Title: A genetic change delivered via gel treatment for Epidermolysis bullosa patients shows promise

By Melanie Karniewich, Class of 2025

Figure 1 Artistic drawing of Epidermolysis bullosa on the arm of the human body.

Epidermolysis bullosa (EB) is a rare genetic condition that causes serious blisters to the skin from minor occurrences like rubbing or scratching the skin. In severe cases, blistering can happen inside the body like the mouth or lining of the stomach. Mutations in EB disable genes for the specific proteins that allow the layers of someone’s skin and the lining of organs inside the body to stay together. Peter Marinkovich, PeiPei Zhan, and colleagues developed a gel to apply to external blisters that contain a modified herpes simplex virus 1. This virus carries a gene missing from those with EB. 

Broken up into two phases for the trial, they gathered males and females over 6 years old that were diagnosed with EB. Starting with 9 patients for the trial, during phase one, the researchers split up the total number of wounds from all the patients into 2 groups: one getting a placebo and the other receiving the gel treatment. There were 10 wounds under no treatment and 18 wounds that received the gel containing the modified simplex, which resembled the missing protein. In this particular trial, they focused on the missing skin protein collagen VII that is resembled through modification of the herpes simplex virus 1, which is best known for causing cold sores. During phase 2, the researchers reviewed the wounds and found that in the gel group, all were able to heal except for one that needed a second round of gel treatment. The wounds in the placebo group were able to heal; however, they would reopen or regress from the three month period. While the gel treatment may seem promising, the gel doesn’t go far into the skin to prevent the blisters all together, so it would need to be reapplied when the dead skin comes off and the still-injured skin layer migrates to the top from below.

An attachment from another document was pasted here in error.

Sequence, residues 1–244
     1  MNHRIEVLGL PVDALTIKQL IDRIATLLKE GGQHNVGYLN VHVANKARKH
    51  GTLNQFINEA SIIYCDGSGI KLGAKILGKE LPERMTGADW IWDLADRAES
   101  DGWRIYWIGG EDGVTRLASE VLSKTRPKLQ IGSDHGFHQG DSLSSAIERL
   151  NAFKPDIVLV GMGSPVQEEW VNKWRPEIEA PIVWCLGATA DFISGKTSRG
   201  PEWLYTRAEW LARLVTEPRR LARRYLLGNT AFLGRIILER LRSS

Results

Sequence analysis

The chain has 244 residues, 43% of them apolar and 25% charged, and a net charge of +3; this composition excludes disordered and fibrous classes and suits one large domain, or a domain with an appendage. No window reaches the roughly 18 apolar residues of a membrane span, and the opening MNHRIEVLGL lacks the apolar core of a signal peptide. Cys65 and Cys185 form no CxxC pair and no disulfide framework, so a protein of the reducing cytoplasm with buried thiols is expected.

Since this is not a permanent cure for EB, researchers could consider improving the gel for a solution that prevents the outside blisters altogether. Scientists could also use gene therapy to correct the DNA sequence of herpes to help change treatment for Epidermolysis bullosa.  

Works Cited:

[1] I. Gurevich, P. Agarwal, P. Zhang, et al. In vivo topical gene therapy for recessive dystrophic epidermolysis bullosa: a phase 1 and 2 trial. Nat Med 28, 780–788 (2022). Doi: https://doi.org/10.1038/s41591-022-01737-y

[2] Image retrieved from https://commons.wikimedia.org/wiki/File:Arm_from_a_case_of_epidermolysis_bullosa_Wellcome_L0061883.jpg

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